|Publication number||US6025781 A|
|Application number||US 08/867,348|
|Publication date||Feb 15, 2000|
|Filing date||Jun 2, 1997|
|Priority date||Feb 3, 1997|
|Also published as||CA2279901A1, CA2279901C, EP0970454A2, EP0970454A4, WO1998034204A2, WO1998034204A3|
|Publication number||08867348, 867348, US 6025781 A, US 6025781A, US-A-6025781, US6025781 A, US6025781A|
|Inventors||Charles L. Deschenes|
|Original Assignee||Avery Dennison Corporation|
|Export Citation||BiBTeX, EndNote, RefMan|
|Patent Citations (8), Referenced by (24), Classifications (24), Legal Events (4)|
|External Links: USPTO, USPTO Assignment, Espacenet|
This application is claiming the priority of provisional patent application 60/037,114 filed on Feb. 3, 1997 under 35 USC 119(e).
The present invention relates to a device for use in detecting the unauthorized removal of an article of commerce from a store or other business establishment and to a method of making the same.
Plastic fasteners of the type commonly used, for example, to attach merchandise tags to articles of commerce, such as articles of clothing, are well known and are widely used in the retail industry. Typically, such fasteners comprise an elongated member having a first end shaped to defame a cross-bar (also commonly referred to as a "T-bar"), a second end, and a thin filament portion interconnecting the cross-bar and the second end. In use, the cross-bar is inserted first through a tag and then through a desired piece of fabric. The second end is appropriately sized and shaped to keep the tag from being pulled off the filament portion.
Typically, such fasteners are mass-produced by a continuous molding process in either one of two different forms known as fastener stock. One type of fastener stock, which is disclosed in commonly assigned U.S. Pat. No. 3,103,666 and which is incorporated herein by reference, comprises a plurality of fasteners joined together at their respective cross-bars by an orthogonally disposed runner bar. The other type of fastener stock, which is disclosed in commonly-assigned U.S. Pat. No. 4,955,475 and which is incorporated herein by reference, comprises a plurality of fasteners arranged in an end-to-end alignment, the ends of successive fasteners being joined together by severable connectors so as to form a continuously connected fastener stock.
The dispensing of individual fasteners from fastener stock into desired articles of commerce is typically accomplished using an apparatus commonly referred to as a "tagger gun." Examples of tagger guns are illustrated in commonly-assigned U.S. Pat. Nos. 5,320,269, 5,024,365, 4,121,487, and 4,456,161, all of which are incorporated herein by reference. Typically, a tagger gun includes (a) a hollow needle having a longitudinal slot extending across its length; (b) means for separating an individual cross-bar from the remainder of the fastener stock; and (c) means for feeding the individual cross-bar through the hollow, slotted needle and the desired article of commerce. Connections, if any, between the ends of adjacent fasteners are severed by pulling the tagger gun away from the article of commerce after the cross-bar of one of the fasteners has been inserted thereinto.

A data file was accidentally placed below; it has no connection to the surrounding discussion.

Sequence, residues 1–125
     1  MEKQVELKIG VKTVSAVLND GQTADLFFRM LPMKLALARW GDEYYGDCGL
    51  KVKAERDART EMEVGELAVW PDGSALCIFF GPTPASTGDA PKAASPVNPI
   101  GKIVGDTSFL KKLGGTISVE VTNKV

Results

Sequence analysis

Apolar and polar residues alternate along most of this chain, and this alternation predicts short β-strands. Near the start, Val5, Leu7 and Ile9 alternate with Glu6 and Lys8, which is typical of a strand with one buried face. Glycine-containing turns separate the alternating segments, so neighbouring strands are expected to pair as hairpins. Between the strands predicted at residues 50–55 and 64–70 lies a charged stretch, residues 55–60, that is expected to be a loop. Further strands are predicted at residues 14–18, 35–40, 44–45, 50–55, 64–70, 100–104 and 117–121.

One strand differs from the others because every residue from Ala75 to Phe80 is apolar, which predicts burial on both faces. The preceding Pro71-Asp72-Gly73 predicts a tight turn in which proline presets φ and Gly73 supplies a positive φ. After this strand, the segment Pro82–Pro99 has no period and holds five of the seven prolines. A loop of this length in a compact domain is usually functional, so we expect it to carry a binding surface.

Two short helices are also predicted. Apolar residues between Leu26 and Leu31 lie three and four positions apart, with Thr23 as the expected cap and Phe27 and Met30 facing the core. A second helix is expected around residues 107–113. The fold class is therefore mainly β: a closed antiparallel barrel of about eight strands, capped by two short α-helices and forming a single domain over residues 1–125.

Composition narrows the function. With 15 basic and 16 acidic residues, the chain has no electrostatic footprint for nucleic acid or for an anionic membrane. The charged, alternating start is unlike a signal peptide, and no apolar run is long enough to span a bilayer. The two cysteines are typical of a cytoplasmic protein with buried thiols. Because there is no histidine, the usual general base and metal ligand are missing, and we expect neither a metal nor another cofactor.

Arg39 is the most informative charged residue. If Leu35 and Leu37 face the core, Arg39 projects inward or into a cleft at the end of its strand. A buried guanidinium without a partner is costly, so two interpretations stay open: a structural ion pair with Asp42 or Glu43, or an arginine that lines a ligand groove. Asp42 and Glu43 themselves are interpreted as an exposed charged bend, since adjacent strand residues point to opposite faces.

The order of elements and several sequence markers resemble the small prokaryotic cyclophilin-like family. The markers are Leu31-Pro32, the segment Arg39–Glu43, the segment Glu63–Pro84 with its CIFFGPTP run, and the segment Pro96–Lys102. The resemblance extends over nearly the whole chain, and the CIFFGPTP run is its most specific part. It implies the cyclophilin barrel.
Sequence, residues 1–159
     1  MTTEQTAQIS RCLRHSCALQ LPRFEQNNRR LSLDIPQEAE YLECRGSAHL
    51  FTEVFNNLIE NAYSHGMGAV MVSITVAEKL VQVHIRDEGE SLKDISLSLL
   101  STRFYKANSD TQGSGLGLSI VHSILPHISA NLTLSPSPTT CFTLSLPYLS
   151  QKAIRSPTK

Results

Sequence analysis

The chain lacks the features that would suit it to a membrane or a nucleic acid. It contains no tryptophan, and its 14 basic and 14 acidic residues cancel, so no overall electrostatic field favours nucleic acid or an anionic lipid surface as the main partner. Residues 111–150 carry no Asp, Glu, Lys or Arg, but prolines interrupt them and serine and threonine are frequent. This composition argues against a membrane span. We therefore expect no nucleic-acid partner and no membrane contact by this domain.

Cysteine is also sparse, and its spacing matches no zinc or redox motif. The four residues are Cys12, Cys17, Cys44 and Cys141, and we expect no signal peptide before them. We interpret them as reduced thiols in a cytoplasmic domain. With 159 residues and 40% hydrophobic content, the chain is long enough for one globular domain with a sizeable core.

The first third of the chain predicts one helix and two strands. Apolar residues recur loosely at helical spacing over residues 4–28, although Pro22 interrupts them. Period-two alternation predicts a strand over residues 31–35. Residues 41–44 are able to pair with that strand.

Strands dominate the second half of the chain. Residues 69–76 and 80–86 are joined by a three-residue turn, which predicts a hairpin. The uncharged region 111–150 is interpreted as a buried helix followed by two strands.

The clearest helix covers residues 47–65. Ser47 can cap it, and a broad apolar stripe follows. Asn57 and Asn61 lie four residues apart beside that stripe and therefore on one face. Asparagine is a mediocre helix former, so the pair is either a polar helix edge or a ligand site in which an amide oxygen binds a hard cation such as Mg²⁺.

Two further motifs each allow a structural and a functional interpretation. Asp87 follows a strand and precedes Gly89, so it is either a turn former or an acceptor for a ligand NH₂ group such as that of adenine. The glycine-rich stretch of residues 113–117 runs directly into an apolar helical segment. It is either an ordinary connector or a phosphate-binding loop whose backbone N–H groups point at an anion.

Although plastic fasteners of the type described above work well in the attachment of merchandise tags to articles of commerce, it is nonetheless known that certain unscrupulous consumers, on occasion, engage in the practice of "ticket switching" wherein the price tag for a low-priced item is switched with the price tag for a desired high-priced item using the plastic fastener from either the low-priced or the high-priced item. Various approaches to this problem have been devised. See e.g., commonly-assigned U.S. Pat. No. 5,321,872, incorporated herein by reference, wherein a tamper-resistant plastic fastener is disclosed.
Although unrelated to the use of plastic fasteners, another common problem suffered by merchants is the theft of their merchandise. One approach that has been adopted by many merchants is the attachment of theft-detection devices, such as electronic article surveillance (EAS) markers, to their articles of commerce. Such devices, which are typically quite large and conspicuous in appearance, include an activating device such as a magnet, a pair of elongated strips of magnetizable material, a miniature electronic circuit, a radio frequency transmitter/receiver or the like which may be releasably attached to the article. The activating device is constructed so as to cause an audible signal or alarm to be emitted from a detector if the article is moved past the detector.
As an example of one type of EAS device, there is disclosed in U.S. Pat. No. 4,745,401 to Montean a marker for use in radio frequency electronic article surveillance systems where the marker contains an inductive-capacitive resonant circuit and is made reversibly deactivatable and reactivatable by the addition of a piece of magnetic material and means, such as a piece of permanently magnetizable material, for biasing the first material to prevent alternating fields induced therein from changing the magnetic state of that material, thereby preventing hysteresis losses from causing a lowering of the Q of the resonant circuit below the point of detection.
As an example of another type of EAS device, there is disclosed in U.S. Pat. No. 5,357,240 to Sanford et al an electronic article surveillance (EAS) tag comprising a tag body having a central region, side wall regions connected to and integral with the central region and flap regions connected to and integral with the side wall regions. The tag body has fold lines at the junctions of the side wall regions and the flap regions. By folding the tag body along these fold lines and, in the course of the folding procedure, inserting a first magnetic element, a substantially closed box-like housing with the first magnetic element loosely housed therein is formed.